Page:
3. Posts – I still encounter people who have yet to publish articles on social media. This is a big missed opportunity for them – A social media post is a flashing beacon of light illuminating your existence in the darkness of competition, short decision maker attention spans and shiny object distractions.

To start, simply think of the decision makers in your field and where their pain lies. What problem do they want you to solve? What do they want you to deliver? How do they want you to deliver it? These are the posts that you must be thinking about, drafting, improving. And then get it edited by someone good. And…put them out to LinkedIn groups, Facebook groups and on your website / blog site as well.

And,

6a.Tag, tag, tag & tag – That is the magic way for your posts to live on forever and continue to do the marketing for you, even when you are sleeping.

Vector speedometer scale

Turbo Tag Your Posts

  1. Logo – It does not cost a fortune to get a cracking logo that will be visually appealing, high in impact and help key contacts to like you and remember you. Take some time to brief the agency on your requirement. What is your persona? What is your delivery style? What do you represent? What is your promise? Who are you target market – your avatar? And, what is UNIQUE about you?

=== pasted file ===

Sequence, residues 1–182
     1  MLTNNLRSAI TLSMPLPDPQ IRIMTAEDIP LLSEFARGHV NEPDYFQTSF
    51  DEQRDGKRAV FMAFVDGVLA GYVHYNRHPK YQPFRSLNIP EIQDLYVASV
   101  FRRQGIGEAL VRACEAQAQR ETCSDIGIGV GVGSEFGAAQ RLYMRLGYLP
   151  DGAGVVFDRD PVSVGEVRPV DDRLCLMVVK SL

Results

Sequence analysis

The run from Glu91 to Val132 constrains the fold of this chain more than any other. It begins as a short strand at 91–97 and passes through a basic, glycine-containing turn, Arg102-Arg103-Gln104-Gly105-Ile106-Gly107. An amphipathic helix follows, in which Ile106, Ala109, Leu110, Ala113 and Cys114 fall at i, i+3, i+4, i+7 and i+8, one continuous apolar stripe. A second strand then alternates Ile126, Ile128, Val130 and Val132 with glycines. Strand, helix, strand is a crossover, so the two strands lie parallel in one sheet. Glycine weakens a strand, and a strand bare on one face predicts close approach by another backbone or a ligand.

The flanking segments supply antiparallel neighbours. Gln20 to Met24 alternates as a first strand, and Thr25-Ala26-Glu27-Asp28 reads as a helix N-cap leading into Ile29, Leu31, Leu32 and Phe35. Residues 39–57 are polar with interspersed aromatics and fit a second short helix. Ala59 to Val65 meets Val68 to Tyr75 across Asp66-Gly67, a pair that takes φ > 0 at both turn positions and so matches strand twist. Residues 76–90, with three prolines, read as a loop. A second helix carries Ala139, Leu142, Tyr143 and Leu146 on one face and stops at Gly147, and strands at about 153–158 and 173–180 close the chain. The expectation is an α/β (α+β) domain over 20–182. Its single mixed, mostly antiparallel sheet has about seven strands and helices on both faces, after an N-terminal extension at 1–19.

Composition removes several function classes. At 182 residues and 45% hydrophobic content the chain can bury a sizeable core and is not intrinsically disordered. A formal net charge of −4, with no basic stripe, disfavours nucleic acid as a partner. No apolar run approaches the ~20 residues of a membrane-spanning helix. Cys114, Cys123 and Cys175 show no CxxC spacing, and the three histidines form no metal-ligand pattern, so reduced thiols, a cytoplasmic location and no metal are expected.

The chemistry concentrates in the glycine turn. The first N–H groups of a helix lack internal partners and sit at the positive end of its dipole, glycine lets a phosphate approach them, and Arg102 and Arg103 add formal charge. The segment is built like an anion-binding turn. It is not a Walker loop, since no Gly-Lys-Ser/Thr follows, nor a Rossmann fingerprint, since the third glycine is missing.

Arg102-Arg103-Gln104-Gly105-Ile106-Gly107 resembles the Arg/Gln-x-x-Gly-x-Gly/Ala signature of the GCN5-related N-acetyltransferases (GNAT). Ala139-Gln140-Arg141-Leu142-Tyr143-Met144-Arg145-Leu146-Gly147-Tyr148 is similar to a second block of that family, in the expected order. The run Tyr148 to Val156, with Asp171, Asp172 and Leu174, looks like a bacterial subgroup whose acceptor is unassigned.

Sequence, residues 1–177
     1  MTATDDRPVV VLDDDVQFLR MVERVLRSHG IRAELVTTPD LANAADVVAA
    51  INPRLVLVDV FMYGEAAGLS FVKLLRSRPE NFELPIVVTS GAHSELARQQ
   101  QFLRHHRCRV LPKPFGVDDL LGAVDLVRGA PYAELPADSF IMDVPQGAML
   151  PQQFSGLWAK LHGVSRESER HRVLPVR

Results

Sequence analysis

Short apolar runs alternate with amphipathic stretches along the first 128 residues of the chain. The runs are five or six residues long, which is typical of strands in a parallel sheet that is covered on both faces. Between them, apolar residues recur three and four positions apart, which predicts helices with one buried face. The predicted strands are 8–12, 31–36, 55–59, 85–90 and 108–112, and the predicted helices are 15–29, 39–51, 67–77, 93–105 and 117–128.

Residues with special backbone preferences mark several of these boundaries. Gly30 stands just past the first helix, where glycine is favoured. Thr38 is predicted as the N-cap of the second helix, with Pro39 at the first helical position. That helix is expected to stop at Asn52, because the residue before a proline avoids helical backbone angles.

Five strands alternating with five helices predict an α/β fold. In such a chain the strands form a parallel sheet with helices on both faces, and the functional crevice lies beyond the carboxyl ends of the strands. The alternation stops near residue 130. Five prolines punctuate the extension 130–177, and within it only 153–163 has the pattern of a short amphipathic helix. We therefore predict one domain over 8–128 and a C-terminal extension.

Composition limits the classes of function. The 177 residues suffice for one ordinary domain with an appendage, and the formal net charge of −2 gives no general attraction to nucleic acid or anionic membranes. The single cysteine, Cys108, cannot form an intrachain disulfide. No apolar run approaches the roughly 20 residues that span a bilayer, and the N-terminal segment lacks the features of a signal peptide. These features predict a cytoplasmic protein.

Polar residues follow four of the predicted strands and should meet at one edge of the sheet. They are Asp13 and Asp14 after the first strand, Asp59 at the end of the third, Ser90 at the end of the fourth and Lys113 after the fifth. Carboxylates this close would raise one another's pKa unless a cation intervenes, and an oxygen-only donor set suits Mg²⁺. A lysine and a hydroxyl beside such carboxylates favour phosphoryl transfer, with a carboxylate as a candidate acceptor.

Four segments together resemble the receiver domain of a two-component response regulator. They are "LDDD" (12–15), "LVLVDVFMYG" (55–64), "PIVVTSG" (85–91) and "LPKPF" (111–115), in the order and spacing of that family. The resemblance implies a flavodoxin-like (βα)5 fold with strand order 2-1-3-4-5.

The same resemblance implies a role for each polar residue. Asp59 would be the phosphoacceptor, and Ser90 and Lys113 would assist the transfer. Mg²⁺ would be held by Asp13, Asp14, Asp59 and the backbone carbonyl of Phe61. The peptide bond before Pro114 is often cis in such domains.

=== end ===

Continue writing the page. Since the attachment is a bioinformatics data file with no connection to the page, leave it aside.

2. Course Outlines – In olden times, when dinosaurs roamed the earth, it was OK to put out the most boring copy imaginable and get away with it. Surprise surprise.

Things have changed.

Now we need a punchy title employing corporate world language and the benefits to be gained by attending delegates. The content should be in short blocks with a subtitle, exercises and the educational outcome for the participants clearly stated. In modern times, this outline is selling you. Let your outline super-copy do some of the heavy lifting in convincing your prospect to pick up the phone and bring you in for a cosy briefing chat.

  1. Exercises – Theory is so last millennium. The current trend is towards dynamic action based learning with full delegate inclusion – sweat, board markers and tears.

Include plenty of decision making, discussion, physical movement and innovation in your bag of tricks. If your training does not wow the crowd, you will be a one time, one hit, “I wonder what happened there?” trainer.

  1. Model – You have got to have a model. I have the Matthew 5 M’s for Accelerated Business Growth Model, and the Consultative Selling 13 Pillars. They give credibility, a framework for delegates to help them implement your brilliant ideas and a differentiator to set you apart from all the other trainers and coaches knocking on the decision maker’s door.